Earlier this year, EA Sports excited millions of fans by announcing the return of its NCAA Football video game series. On Thursday, the company released a statement following the NIL ruling on Wednesday.
From EA Sports:
"We are watching the recent developments regarding student-athlete name, image and likeness very closely. It’s still very early stages at this point, and we plan to explore the possibility of including players in EA SPORTS College Football. For now, our development team is focused on working with our partners at CLC to ensure the game authentically showcases the great sport of college football and the more than 100 institutions signed on to be featured in our game."
The last college football video game that EA Sports released was NCAA Football 14 with Michigan's Denard Robinson on the cover. It's been almost eight years to the day since that game released, and fans have been begging for a new version ever since.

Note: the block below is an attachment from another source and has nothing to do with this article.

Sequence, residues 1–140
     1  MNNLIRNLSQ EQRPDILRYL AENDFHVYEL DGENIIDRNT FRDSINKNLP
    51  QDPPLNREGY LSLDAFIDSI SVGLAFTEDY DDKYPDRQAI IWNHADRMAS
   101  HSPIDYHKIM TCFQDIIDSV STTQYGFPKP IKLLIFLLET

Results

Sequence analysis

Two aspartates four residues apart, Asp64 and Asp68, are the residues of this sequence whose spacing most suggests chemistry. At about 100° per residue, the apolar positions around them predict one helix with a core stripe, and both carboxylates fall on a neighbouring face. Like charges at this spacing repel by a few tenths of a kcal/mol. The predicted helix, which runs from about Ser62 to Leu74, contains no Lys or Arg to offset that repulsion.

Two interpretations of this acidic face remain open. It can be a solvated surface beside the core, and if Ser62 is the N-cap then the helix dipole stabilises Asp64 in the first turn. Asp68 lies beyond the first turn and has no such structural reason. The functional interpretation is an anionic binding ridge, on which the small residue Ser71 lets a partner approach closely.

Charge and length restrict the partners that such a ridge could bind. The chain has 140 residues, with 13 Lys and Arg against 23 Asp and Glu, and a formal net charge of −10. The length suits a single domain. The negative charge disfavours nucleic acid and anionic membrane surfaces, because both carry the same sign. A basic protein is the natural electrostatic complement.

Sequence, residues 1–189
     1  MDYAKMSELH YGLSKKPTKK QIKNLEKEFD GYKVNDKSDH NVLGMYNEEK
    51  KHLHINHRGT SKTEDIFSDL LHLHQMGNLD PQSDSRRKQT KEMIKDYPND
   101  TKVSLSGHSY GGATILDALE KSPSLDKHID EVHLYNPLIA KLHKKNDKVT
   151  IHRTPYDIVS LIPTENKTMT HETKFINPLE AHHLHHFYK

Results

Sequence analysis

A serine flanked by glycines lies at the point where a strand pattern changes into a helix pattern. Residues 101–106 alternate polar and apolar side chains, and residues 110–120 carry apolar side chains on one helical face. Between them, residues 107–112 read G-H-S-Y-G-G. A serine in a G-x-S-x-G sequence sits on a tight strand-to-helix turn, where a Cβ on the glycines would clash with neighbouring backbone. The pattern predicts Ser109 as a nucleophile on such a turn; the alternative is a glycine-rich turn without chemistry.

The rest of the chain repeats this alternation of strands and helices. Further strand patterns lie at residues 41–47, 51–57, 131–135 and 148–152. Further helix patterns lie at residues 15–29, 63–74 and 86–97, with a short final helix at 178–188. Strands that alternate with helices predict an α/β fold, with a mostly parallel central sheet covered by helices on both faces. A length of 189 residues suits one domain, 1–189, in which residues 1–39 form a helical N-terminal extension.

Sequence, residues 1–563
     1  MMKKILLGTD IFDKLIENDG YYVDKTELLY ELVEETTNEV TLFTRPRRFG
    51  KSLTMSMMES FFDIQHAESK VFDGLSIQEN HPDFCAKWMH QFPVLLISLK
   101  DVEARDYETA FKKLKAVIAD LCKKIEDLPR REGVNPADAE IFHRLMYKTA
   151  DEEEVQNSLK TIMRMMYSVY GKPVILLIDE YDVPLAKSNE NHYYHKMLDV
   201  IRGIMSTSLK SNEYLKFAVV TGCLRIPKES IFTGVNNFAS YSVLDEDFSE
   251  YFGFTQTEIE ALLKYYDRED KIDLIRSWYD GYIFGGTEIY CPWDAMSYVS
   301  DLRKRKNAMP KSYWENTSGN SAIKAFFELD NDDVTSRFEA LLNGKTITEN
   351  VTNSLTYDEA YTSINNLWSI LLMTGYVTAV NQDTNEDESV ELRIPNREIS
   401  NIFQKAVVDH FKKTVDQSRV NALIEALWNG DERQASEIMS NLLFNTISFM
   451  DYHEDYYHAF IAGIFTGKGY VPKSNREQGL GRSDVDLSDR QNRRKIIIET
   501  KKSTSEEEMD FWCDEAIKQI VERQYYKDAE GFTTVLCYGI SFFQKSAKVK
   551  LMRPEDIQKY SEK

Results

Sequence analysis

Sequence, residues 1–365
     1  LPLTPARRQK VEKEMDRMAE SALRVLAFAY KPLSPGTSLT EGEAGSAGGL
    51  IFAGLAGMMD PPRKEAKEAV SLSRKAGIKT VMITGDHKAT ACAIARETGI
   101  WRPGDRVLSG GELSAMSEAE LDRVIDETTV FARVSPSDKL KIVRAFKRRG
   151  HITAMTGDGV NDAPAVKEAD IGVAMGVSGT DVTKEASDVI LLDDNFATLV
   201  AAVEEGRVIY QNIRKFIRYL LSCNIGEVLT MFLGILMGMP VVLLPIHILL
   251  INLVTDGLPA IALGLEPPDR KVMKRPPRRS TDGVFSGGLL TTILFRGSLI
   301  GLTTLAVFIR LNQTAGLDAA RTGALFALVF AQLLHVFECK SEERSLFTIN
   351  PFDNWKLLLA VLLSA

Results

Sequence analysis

But EA Sports was forced to quit production of the game due to legal issues surrounding the game's use of player likenesses. However, the company pivoted its intention with the game by announcing its return in February. Details were scarce at the time, but EA Sports said the new version of the game would not feature rosters or likenesses of college football franchises. Team names, stadiums and other features were expected to be licensed and included in the series.
However, with the latest NIL ruling, it seems as if there's a potential now to include the likenesses of players. However, as their statement pointed out, it's a little too early to know for sure how that would work.
The company has plenty of time to figure this out, though, as the game isn't expected to be released for quite some time. A leaked document, obtained by Matt Brown of Extra Points, shows EA Sports plans to release the game in July 2023.
Got another copy of the EA Sports/CLC proposal to FBS schools, dated Jan 15, with fewer redactions than previous copies. Here's a bit more info on the money schools may make from the game:— Matt Brown (@MattBrownEP) June 25, 2021
Appears to be a four year license proposal pic.twitter.com/tVNegAXd8P
That gives EA Sports around two years to figure out the best practice in using player likeness in their game, assuming they do it at all.